DETROIT -- Beyond the usual hype at the Detroit auto show, automakers have plenty to crow about this year: U.S. sales are the highest since 2008 and they're expected to keep growing. Buyers are being lured by cheap loans and an improving economy.

The timing is perfect for automakers to unveil more than 40 new cars and trucks this month at the industry's annual trade show in Detroit. While there will be a few wild concept cars, like a tiny pickup from Smart, there will also be many models that will go on sale this year.

Carmakers, feeling buoyant about their prospects for 2012, will try to outdo each other with lights, music and models to generate buzz among the show's 750,000 expected visitors.

Here are three trends to look for when the show opens to the public on Jan. 14:

1. Fuel-efficient cars with more style and safety features with trendy subcompacts for younger buyers; and small luxury sedans.

Gas prices have dropped from their $4 peak last spring but remain high. People looking for a more efficient car will have plenty of choices among midsize sedans and compacts.

Being efficient doesn't mean these cars will be stripped down. They'll be loaded with gadgets to win customers in these fiercely competitive car segments. Midsize and compact are nearly tied as the largest segment in the U.S., and combined they make up more than 40 percent of the nation's sales.

Ford unveils a redone version of its top-selling Fusion midsize sedan. The new model, which goes on sale this fall, will feature a sharper, more chiseled design and a warning system to alert drivers when they drift into another lane. It's the first time such a system has been on a non-luxury car, Ford says. The price and fuel economy of the Fusion aren't finalized, but expect them to be competitive.

Honda, normally a top-seller of midsize cars, will unveil a new Accord coupe, a model that will foreshadow the looks of its new sedan due in showrooms later this year.

Both cars will compete with Chevrolet's new Malibu sedan, which goes on sale this spring. With better fuel economy, improved styling and new features, the three cars hope to steal sales from Toyota's Camry, the perennial leader among midsize sedans.

The show will also feature smaller cars, including the Dodge Dart, which is the first car jointly designed by Chrysler and its Italian owner, Fiat SpA. The Dart's name is borrowed from a hot-selling compact introduced in 1960.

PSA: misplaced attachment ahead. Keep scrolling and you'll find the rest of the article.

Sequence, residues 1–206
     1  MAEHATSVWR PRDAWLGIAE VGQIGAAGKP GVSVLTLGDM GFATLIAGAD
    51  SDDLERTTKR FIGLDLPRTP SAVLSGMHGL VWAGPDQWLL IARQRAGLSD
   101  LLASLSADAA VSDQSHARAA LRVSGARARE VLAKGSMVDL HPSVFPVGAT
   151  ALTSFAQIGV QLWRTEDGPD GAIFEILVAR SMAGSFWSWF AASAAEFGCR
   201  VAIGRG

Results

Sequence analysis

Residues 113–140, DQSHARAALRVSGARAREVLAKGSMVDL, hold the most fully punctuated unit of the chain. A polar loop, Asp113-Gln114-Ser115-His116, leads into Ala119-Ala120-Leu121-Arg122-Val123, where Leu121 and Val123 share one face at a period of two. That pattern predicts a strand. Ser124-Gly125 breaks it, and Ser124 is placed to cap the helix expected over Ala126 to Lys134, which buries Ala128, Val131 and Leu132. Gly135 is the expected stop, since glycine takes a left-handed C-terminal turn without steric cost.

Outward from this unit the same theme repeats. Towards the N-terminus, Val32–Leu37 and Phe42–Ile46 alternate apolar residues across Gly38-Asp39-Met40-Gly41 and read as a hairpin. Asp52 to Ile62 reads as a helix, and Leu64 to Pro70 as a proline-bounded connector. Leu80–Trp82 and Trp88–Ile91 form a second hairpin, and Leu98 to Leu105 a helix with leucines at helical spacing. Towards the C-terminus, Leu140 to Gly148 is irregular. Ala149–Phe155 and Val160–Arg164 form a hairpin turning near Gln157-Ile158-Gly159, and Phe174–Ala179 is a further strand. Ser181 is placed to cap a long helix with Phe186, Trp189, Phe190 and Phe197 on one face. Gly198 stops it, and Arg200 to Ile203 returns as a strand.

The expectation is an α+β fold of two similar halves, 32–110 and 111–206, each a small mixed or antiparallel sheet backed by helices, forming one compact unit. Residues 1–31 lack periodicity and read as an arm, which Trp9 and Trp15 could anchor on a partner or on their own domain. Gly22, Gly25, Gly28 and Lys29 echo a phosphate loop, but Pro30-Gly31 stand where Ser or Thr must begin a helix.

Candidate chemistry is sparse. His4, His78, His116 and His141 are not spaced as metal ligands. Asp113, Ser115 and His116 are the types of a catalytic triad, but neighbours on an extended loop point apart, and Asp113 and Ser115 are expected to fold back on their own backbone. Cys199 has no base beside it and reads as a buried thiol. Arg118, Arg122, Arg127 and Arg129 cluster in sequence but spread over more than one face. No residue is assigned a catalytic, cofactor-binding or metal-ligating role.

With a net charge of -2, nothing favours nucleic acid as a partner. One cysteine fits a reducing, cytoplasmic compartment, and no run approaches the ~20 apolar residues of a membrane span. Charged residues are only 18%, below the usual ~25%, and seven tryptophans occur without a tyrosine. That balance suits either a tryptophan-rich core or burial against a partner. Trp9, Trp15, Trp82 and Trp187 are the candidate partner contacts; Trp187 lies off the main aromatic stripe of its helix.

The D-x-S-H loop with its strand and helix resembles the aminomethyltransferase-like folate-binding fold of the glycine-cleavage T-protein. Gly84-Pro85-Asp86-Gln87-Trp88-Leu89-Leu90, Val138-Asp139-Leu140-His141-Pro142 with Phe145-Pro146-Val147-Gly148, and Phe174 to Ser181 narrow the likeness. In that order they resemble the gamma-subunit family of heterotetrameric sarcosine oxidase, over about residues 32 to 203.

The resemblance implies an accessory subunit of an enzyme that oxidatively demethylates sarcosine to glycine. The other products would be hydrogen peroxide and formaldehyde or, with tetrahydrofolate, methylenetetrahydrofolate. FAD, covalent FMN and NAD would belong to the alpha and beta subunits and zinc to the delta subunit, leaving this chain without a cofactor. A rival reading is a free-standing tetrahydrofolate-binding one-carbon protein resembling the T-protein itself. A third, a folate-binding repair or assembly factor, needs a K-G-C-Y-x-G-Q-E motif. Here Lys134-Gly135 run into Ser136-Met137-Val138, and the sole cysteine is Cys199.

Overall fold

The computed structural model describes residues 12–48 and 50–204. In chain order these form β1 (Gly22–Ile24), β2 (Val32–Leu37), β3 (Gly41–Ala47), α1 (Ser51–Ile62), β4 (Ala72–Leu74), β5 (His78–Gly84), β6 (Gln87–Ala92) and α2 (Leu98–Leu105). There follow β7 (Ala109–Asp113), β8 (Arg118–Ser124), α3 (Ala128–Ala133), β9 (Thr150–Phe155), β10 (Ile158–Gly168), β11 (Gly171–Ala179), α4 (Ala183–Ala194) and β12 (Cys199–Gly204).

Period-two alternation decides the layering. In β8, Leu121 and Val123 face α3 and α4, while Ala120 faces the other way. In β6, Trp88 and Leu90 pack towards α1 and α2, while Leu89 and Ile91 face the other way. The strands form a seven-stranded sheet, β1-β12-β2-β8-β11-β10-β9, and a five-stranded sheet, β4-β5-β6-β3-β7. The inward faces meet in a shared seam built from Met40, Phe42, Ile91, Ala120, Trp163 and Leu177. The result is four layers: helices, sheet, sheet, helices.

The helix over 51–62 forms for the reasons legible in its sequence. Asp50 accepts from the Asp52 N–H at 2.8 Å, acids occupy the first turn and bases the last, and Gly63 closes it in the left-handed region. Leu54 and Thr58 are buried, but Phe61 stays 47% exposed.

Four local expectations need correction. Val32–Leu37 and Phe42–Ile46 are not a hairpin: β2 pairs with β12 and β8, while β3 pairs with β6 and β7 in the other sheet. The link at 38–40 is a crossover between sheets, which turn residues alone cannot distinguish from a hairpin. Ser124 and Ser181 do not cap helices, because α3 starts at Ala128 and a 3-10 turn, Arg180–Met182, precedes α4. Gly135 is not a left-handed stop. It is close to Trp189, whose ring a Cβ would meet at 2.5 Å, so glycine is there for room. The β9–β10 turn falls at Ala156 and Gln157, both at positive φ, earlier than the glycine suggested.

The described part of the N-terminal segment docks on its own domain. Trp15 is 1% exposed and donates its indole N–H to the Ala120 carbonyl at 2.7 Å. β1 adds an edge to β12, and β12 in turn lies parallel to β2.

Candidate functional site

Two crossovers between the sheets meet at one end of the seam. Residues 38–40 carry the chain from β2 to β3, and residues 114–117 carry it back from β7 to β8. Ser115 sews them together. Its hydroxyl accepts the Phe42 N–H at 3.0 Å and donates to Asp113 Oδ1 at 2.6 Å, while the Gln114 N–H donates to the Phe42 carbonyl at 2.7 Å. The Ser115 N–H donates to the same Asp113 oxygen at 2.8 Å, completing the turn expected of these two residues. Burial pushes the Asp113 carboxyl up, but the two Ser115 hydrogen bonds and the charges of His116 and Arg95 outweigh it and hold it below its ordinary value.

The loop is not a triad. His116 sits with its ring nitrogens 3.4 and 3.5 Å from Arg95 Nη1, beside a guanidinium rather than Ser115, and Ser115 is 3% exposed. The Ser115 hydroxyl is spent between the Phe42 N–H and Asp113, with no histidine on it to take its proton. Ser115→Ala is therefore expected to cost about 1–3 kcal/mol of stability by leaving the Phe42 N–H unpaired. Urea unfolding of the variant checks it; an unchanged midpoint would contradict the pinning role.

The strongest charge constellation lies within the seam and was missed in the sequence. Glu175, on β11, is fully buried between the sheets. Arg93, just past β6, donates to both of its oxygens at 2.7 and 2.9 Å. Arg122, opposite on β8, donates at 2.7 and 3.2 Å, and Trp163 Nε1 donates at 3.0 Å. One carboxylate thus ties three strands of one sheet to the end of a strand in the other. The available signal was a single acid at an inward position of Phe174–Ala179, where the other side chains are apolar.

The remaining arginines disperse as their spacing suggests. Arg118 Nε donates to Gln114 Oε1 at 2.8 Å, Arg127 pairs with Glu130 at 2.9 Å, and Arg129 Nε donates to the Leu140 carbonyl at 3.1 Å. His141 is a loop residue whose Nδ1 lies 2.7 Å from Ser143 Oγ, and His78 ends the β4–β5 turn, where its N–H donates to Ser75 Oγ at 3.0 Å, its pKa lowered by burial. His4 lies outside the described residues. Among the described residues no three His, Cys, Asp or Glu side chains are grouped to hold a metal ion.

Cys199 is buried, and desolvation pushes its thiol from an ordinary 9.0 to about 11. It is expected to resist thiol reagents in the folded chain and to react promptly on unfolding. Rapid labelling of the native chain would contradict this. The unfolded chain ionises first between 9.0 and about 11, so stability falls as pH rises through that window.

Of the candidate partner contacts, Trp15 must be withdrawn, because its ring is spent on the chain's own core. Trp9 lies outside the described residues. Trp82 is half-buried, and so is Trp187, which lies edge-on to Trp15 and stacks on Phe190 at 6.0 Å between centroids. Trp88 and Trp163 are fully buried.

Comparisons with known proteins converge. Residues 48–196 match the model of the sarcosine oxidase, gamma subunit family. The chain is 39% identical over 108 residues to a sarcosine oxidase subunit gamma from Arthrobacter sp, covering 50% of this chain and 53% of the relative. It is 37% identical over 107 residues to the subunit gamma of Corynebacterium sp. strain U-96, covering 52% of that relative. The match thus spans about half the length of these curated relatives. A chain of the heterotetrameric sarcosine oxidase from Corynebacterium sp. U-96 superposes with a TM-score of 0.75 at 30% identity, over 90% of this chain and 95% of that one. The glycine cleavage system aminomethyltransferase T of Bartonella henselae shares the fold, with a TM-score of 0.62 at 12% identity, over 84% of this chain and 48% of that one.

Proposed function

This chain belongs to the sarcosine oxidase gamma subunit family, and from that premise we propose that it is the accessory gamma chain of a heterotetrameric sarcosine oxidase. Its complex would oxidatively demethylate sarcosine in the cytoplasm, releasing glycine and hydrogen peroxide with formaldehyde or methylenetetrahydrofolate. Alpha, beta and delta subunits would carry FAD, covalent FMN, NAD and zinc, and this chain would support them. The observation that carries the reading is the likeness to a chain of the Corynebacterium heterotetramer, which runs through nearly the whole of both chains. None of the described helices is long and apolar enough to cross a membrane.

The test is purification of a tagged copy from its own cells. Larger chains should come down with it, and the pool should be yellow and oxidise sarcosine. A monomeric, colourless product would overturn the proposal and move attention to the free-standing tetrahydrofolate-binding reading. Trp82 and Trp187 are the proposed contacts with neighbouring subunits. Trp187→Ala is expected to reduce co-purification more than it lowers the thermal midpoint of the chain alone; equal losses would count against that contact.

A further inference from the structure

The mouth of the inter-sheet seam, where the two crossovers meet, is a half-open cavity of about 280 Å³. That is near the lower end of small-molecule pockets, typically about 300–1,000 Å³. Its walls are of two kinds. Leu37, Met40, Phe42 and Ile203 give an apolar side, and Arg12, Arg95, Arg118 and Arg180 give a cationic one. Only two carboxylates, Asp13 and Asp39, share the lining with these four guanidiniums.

It's Chrysler's latest effort to launch a strong competitor in small cars, a segment where it normally falls short. The Dart will heat up an already competitive market that includes the new Hyundai Elantra, Chevrolet Cruze and Honda Civic.

Volkswagen will also debut a hybrid version of the Jetta, hoping to keep its sales momentum going. Last year, sales of the Jetta jumped after it was redesigned.

2. Downsized luxury. Luxury car sales grew just 2.8 percent compared with 10-percent growth for the industry as a whole, according to Autodata Corp. But an improving economy and a slew of new cars could turn that around, especially since many of those new models are less expensive, small sedans.

Cadillac, BMW and Acura all plan to unveil new small cars. Hyundai -- a company that targets more budget-minded customers -- will launch a new Genesis Coupe, aiming for luxury buyers who want to spend less.

Ford's Lincoln brand, which is being overhauled, will give a big hint about its new direction with a concept version of the MKZ midsize car. The new MKZ will go on sale later this year. But the most striking luxury model may be at the Lexus stand, which will display the swooping LF-LC hybrid sports car concept that was crafted in Toyota's California design studio.

3. Mad for millennials: Millennials -- the 70 million people born between 1981 and 2000 -- are a growing force in the market. But they'd just as soon buy a smartphone and text their friends as purchase a car to go visit them. Like buyers from the past, millennials will start out with small, more affordable cars. But unlike earlier generations, they expect luxury and connectivity, automakers say.

To appeal to this group, this year's show will feature subcompacts with perks like leather seats, ambient lighting, and easy connections to cellphone applications like Pandora.

Subcompacts unveiled at the show will include Toyota's new Prius C hybrid, the Mini Roadster convertible, the sporty Chevrolet Sonic RS and a turbocharged version of the new Hyundai Veloster.

Smart will debut the For-Us concept, an electric pickup truck that is so tiny it could fit in the bed of a regular truck. And Chevrolet will show off two concept cars aimed at millennials. No details on those yet, but they're expected to have high gas mileage and enough room to haul friends around.

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